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Updated 2018-01-15T04-10Z

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What's common

Commonly known contactless chipcards communicate with the coupler through only one single (magnetic) antenna. Therefore the unnoticed access to the card's contents from a remote coupler is not precluded by an intrinsic property: The card holder's sovereignty over her/his own data is not assured by principle this way (See an example of this problem here, in German by Stuttgarter Zeitung of 2006-02-03, page 1.). A more recent one is here by ConsumerReports® of June 2011 (more ...) or here, in German by DER SPIEGEL of 2012-06-11, page 128 or here, by Los Angeles Times of 2016-12-10, page C3.). A quite straight-forward antidote ist the RFID Blocker envelope like this. Google knows a lot about them too.

What's new

To overcome this drawback, ADE's C2® fashion implements two spatially separated antennas rather than only one. Since these two antennas carry two distinctively modulated signals, a sum/difference matrix within the card can decide whether the card is located quite close to the coupler or more distant. As a consequence, the usability of the card ist clearly limited by the pure geometry of the card - not any more by sheer intensity of the coupling field. It is assured that such a card can only be communicated with in a limited coupling environment (say, a bank terminal), that the coupling mechanism can withhold the card reliably in case of trouble.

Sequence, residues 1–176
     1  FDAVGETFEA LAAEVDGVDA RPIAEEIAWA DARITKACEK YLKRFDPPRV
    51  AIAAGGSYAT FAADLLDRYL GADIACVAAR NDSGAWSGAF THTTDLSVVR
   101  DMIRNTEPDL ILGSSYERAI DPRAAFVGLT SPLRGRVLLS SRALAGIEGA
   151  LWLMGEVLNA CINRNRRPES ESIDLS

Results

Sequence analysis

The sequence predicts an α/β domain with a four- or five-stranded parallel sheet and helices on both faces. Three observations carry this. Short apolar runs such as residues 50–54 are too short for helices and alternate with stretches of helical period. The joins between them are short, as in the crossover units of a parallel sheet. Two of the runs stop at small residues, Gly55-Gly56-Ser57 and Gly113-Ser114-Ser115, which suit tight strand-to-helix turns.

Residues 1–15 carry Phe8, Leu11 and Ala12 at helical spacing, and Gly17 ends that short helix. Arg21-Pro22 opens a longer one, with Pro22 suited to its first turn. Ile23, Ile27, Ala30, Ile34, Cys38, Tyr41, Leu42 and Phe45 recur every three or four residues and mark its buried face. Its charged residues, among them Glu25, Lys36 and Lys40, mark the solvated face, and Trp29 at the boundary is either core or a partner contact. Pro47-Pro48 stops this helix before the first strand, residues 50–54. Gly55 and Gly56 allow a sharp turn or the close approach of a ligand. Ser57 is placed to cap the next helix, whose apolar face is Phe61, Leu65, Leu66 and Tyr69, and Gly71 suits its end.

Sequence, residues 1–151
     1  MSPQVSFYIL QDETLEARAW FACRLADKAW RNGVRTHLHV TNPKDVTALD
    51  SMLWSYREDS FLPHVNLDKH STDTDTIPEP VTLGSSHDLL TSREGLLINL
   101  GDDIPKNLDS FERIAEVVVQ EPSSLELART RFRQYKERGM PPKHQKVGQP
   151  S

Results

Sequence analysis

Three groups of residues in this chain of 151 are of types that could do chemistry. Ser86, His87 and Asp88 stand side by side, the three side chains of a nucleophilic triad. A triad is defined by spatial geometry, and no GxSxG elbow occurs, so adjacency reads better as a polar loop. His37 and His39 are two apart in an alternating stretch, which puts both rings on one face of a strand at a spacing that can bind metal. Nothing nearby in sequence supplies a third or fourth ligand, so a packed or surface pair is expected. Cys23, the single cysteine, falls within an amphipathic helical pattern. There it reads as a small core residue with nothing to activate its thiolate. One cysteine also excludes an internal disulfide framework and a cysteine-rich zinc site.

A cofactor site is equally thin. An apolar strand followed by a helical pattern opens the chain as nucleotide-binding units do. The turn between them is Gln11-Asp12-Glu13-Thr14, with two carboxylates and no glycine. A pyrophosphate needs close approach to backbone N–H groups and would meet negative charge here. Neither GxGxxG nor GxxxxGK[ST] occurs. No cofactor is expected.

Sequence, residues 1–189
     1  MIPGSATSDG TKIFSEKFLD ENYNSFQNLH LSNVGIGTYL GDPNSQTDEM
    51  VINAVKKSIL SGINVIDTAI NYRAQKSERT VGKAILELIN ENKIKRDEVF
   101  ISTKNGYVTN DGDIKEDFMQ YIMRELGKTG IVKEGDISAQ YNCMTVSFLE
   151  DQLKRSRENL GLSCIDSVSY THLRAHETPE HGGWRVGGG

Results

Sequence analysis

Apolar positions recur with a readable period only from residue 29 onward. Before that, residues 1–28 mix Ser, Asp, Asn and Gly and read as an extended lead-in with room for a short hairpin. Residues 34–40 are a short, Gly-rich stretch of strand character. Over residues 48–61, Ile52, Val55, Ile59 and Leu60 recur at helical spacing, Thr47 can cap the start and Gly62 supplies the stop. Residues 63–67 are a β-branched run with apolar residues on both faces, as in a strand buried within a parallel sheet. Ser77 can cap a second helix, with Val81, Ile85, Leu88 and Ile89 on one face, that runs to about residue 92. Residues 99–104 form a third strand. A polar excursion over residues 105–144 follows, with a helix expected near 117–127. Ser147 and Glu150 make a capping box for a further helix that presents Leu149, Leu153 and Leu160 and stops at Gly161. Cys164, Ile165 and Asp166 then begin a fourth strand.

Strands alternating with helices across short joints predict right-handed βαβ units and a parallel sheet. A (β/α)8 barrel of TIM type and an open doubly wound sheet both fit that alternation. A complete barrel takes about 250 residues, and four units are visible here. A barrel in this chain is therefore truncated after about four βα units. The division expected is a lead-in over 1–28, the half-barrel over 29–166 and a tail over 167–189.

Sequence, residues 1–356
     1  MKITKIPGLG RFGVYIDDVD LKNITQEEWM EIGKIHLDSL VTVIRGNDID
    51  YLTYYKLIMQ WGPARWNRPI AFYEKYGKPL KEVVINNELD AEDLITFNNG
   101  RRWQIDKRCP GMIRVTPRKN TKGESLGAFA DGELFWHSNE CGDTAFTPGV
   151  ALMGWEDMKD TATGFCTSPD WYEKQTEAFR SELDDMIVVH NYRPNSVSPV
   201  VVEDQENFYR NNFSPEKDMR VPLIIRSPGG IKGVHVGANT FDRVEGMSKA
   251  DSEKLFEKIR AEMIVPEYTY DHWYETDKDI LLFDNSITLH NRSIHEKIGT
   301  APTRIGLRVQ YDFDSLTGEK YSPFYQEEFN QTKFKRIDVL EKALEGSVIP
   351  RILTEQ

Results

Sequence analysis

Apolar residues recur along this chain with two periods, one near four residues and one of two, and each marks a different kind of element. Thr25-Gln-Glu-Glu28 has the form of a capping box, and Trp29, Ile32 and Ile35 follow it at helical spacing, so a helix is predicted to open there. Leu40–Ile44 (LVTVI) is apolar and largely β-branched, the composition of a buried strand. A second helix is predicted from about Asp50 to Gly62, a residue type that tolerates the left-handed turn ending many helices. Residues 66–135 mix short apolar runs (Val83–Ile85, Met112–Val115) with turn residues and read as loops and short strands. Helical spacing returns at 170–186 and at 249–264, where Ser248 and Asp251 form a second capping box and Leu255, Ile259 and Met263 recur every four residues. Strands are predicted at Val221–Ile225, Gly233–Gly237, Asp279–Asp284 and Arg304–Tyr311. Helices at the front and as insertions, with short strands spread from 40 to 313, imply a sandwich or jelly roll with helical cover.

Not the environment governs the access to the card data - the card itself does:

The reason why

 Schematic cross section through
 the principal field pattern
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The figure attempts to give an idea of how the effect is achieved. It shows a cross section availing a plane where all the centers of both the coupler's antenna pair and the card's antenna pair are located in at the same time. Here, the coupler's antenna pair is supposed to be located fixed in space (the upper pair of short black bars, fed from the generator through two opposite phase shifters). On the other hand, another pair of short bars represents the card's antenna pair that is not fixed in space and therefore depicted at several distinct positions. For the drawing, these positions are selected as typical for the different situations in order to prove the principle of operation: The card works in such positions (green bars), where not only the magnetic flux (the solid blue circles) penetrates the card as most dense and perpendicular, but also the two timing vectors (the straight lines in the tiny circles) in both of the card's antennas are most perpendicular to each other. The long blue dash-dotted straight lines are polarity separators: Here, one of both fields ceases because of the flux lines running parallel to the card's antenna. The yellow position is weak, the red ones do not operate.

Several patent applications are granted or pending, e. g. 4327334 (Germany), 94111981 (Europe), 5,648,761 (USA).

Made in China 
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Search strings for full-text search engines, which do not scan Meta keywords:
moses electronic, C2, C2-CARD, chipcard, contactless, close-coupled, stereo, secure

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